I remember my dad and mom driving me to college in 1980.  I was the last of three daughters to go and the college I chose was 350 miles from home.  I remember being irritated and embarrassed that my mother cried; what was the big deal?  Now of course, I understand.  Boy do I understand.  Already, tears well up at odd times – tears of pride that he’s an honors student and going to the school of his choice. (And only one hour away!) Tears of sadness and fear.  I know how much we’ll miss him.

Transitions are hard.  Many of us like routine, predictability, and stability;  when those are shaken, we get shook up.  Add the current pandemic, the racial protests, the erratic and unpredictable leadership from our elected officials, and this transition has the potential to really rock the boat.

Here’s what I’m doing, to the best of my ability, in this transition:

  • Maintaining the routines and practices that help sustain and ground me – still rising early for meditation, exercising and working in the garden, then getting enough rest and connecting with friends.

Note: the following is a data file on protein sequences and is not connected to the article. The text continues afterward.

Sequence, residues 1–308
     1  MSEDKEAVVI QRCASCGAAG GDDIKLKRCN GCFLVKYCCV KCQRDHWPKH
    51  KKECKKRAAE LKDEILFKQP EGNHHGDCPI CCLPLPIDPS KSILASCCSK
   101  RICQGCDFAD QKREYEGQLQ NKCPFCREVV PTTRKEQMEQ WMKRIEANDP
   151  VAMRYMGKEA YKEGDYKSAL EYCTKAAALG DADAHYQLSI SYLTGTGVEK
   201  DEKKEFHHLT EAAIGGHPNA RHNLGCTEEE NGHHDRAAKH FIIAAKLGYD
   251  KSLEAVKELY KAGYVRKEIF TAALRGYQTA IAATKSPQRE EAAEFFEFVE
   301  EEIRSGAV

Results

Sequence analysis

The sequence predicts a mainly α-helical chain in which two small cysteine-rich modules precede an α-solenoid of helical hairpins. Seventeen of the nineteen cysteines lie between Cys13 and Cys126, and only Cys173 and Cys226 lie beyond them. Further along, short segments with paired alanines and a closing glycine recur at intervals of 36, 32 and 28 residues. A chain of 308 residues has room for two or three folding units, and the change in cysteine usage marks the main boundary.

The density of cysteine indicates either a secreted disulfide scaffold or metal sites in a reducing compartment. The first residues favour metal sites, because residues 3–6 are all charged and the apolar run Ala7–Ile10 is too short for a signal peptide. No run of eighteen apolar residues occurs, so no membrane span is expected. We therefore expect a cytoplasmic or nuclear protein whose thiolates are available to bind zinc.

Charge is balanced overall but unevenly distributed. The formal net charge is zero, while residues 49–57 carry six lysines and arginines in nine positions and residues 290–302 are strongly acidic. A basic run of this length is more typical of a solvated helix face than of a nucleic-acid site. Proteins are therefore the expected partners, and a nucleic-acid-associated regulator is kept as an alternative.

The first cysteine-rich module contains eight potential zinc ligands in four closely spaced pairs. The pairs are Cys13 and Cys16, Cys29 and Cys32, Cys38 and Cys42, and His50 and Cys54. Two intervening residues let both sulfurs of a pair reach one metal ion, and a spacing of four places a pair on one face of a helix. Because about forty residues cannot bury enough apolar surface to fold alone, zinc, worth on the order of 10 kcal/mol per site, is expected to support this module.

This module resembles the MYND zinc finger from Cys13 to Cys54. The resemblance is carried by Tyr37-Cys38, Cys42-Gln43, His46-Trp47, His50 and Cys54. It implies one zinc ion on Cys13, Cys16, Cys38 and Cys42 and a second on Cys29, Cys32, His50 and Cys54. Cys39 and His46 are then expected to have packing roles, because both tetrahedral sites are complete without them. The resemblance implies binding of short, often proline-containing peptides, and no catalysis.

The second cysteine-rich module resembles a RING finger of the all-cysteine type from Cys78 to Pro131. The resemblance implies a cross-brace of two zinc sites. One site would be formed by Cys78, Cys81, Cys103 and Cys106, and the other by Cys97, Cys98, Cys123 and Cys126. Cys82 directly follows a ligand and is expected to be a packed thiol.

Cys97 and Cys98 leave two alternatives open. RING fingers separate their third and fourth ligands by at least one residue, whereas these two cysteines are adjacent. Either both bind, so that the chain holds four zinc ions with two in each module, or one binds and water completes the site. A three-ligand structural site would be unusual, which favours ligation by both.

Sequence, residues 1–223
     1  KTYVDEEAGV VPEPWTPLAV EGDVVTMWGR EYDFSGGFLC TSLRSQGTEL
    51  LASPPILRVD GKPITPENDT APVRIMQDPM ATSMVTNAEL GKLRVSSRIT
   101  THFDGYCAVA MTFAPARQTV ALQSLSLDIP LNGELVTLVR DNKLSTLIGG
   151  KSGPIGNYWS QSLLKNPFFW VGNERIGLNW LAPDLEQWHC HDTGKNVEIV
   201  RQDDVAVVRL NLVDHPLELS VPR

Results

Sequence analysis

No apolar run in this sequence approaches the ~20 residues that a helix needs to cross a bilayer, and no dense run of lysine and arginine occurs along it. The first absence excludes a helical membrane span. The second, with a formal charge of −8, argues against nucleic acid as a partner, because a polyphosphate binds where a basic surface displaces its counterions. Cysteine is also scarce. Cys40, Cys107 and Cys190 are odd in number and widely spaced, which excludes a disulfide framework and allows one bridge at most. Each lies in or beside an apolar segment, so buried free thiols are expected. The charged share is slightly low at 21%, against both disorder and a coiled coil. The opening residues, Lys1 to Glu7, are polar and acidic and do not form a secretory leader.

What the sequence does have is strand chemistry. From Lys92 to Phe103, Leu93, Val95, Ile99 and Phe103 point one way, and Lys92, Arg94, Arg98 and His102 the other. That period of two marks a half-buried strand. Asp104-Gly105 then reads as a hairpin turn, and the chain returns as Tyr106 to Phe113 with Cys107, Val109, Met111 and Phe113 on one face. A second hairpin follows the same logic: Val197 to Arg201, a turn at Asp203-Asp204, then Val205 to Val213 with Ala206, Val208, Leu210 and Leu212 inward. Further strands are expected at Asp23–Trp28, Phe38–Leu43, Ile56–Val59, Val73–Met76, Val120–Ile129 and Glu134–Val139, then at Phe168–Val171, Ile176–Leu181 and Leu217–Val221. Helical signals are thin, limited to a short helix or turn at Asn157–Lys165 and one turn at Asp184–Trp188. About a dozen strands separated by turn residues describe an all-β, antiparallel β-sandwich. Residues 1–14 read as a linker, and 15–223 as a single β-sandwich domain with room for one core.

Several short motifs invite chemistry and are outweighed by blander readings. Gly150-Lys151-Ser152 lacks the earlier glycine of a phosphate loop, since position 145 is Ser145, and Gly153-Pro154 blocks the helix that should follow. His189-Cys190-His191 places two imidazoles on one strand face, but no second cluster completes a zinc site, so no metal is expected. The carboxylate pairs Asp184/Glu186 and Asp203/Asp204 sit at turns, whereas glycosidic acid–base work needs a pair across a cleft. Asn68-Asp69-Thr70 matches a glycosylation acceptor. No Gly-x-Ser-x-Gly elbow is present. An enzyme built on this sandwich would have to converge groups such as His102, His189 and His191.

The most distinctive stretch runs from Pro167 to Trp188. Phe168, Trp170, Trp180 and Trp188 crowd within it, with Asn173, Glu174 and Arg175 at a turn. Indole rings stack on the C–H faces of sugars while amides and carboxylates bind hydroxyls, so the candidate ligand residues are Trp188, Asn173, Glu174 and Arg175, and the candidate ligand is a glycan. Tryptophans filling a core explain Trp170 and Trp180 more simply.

• Doing my best to prepare for the transition while also knowing that I won’t think of everything.  There will be bumps, emotions will swell.  I’ll figure it out.
  • Soliciting support from family and friends; we’re all in this together when it comes to transitions.
  • Giving myself time to process emotions – to feel joy, excitement, sadness, fear. Allow them to be, knowing they will ebb and flow and eventually quiet down.

Someone turned the calendar on the side of the fridge to August.  Viscerally and immediately, more anxiety kicks in.  I know that underneath is grief, joy, worry, hope – the whole lovely mix of emotion.  I remember this when my daughter left for college. 

Most of the “stuff” on the “what to bring to college lists” has been purchased.  We’ve got a move-in day and time and by 2 pm in two Sundays we’ll be driving away, leaving our 18-year old in his dorm, ready as he can be to start school in a pandemic.